“Life Itself” thinks you’re stupid. Or, if not stupid, unable to understand how a movie should work. It’s a movie made for people who can’t be trusted to understand any storytelling unless it’s not just spoon-fed but ladled on, piled high, and explained via montage and voiceover. It’s the kind of movie that includes commercials for itself by using its own title within the dialogue multiple times. Ostensibly, it’s about unreliable narration; if you don’t know what that is, “Life Itself” will explain it via monologue 10 minutes after delivering a ham-fisted demo of it in action. However, the movie uses unreliable narration as a way to pass off poor storytelling as a feature, not a bug.
But mostly, “Life Itself” is about death, with Fogelman co-opting the formula that made his television series “This Is Us” such a four-quadrant hit: twisty, twisted stories that rest on (1) Who is going to die next; and (2) how much are you going to cry over it? Death, or even the threat of death (in Fogelman’s world, perhaps better to refer to it as the promise of death) is his big trick, and it’s the only way “Life Itself” is propelled forward.
An unholy combination of “Rashomon” and “Babel,” it strings together seemingly disparate plotlines into one massive, messy tableau of (sorry, has to be done) life itself, a life that zings toward the warm embrace of death. Told in five chapters of mystifyingly uneven length, “Life Itself” opens with Will (Oscar Isaac), a man who feels too much and loves too hard and is presented in multiple timelines, from sprightly college student to expectant father to ruined, Bob Dylan lyric-spouting drunkard. Present-day Will has lost something dear to him, and as the story unfolds, with Fogelman treating choppy timelines as narrative creativity, it becomes clear that he has suffered greatly. He’ll suffer more soon. Will has lost his wife Abby (Olivia Wilde), and subsequent chapters will explore how that happened and what it’s done to scores of other people beyond him. (Spoiler: There are no risks of spoilers in a plot this convoluted.)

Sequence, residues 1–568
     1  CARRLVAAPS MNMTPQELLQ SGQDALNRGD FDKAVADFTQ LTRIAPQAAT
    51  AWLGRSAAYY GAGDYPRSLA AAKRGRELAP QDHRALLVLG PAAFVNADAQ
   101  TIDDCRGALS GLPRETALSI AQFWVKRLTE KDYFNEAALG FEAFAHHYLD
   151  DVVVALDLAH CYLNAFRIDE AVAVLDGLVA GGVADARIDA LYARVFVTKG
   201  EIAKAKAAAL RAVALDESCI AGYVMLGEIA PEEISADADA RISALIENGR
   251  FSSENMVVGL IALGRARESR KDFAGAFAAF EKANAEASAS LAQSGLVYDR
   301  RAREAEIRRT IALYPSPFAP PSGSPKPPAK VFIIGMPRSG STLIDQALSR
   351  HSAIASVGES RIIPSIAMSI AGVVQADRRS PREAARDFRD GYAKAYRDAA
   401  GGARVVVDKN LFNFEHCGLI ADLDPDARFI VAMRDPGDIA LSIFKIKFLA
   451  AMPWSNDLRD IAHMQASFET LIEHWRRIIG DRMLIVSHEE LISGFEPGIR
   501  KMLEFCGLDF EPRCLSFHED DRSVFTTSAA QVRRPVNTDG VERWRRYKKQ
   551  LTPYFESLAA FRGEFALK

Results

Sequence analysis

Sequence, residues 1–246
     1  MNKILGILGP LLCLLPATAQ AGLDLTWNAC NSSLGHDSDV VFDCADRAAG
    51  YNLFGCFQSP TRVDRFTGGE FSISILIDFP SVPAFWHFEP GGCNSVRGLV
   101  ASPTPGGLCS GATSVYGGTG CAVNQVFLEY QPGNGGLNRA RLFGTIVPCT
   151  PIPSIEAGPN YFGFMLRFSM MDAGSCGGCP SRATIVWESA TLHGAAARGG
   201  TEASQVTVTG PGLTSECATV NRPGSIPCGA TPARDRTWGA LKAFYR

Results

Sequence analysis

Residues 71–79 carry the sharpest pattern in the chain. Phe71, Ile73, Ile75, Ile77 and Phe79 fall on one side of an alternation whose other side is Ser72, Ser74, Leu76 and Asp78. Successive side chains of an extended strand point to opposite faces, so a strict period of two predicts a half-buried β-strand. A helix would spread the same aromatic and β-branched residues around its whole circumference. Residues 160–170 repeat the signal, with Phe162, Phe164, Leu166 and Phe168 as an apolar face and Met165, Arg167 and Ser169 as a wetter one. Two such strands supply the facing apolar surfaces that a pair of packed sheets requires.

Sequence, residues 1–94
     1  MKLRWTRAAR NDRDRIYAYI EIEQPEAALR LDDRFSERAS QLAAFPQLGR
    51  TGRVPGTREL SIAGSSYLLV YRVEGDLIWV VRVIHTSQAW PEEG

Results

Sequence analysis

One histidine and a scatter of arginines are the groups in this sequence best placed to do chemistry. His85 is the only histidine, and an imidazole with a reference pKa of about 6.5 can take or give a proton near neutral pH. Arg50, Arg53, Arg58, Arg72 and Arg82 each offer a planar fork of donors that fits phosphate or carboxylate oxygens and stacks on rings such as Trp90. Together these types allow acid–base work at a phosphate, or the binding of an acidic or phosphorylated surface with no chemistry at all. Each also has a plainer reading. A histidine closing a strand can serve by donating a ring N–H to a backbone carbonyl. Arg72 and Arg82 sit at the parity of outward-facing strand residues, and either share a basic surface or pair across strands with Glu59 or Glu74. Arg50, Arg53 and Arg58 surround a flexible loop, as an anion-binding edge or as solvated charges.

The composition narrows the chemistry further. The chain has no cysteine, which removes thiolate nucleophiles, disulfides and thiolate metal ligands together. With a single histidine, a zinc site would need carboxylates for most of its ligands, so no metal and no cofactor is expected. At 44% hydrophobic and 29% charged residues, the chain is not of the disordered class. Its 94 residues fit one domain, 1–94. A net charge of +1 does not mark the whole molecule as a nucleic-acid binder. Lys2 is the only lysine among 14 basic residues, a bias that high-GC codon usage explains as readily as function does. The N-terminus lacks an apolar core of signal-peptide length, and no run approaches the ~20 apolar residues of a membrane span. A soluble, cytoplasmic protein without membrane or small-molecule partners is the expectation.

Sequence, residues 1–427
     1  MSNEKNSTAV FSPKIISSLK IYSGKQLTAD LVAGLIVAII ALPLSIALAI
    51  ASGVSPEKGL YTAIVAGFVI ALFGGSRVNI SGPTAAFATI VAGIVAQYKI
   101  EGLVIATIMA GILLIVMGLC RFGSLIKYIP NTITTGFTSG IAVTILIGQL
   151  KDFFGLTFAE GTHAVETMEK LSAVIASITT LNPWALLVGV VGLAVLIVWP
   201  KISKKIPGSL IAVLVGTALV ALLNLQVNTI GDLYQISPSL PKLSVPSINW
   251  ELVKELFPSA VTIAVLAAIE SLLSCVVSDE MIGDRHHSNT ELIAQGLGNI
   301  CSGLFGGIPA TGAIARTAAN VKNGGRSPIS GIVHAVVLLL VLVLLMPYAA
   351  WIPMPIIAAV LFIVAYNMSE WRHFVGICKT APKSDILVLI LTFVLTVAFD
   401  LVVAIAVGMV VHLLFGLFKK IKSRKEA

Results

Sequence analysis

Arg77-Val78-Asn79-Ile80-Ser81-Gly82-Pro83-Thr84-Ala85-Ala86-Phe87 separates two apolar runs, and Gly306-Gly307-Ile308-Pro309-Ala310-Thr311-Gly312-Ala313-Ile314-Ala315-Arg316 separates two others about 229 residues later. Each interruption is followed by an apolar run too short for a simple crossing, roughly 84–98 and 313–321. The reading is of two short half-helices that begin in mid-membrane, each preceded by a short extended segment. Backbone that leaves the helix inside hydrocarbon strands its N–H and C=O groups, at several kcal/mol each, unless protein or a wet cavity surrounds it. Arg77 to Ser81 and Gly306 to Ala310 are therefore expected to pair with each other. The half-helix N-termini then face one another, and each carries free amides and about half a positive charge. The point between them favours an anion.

Short shrift is given to Will and Abby’s tragic spawn, Dylan (Olivia Cooke), in a truncated chapter that is meant to continue the heartbreak on a massive scale, but mostly stands out for featuring a scene in which Dylan punches a girl in the face and then shoves a PB&J down her throat. The film’s third and fourth chapters introduce a loving Spanish family and their broken-hearted employer (Antonio Banderas). All of this leads to heartbreak, betrayal, and an entire sequence designed to make fun of a minor character who didn’t look both ways before crossing the street, and it’s all interconnected to everything that came before.
Twists can be seen a mile away, but there’s narration to guide everything and handy flashbacks that make the whole endeavor feel like its own “previously seen on” network-drama catch-up. It all builds to a final chapter that’s nothing more than an epilogue expected to make the grueling two hours that came before it somehow seem worth it, but this optimistic 15-second coda doesn’t have a chance. While it’s designed to reward us after destruction, pain, at least two horrifically bloody bus accidents, and one oddly tossed-off subplot about about sexual abuse, this is a film so obsessed with death that it hasn’t bothered to give us any reason to care for the living.
“Life Itself” had its world premiere at TIFF. Amazon Studios will release it in theaters September 21.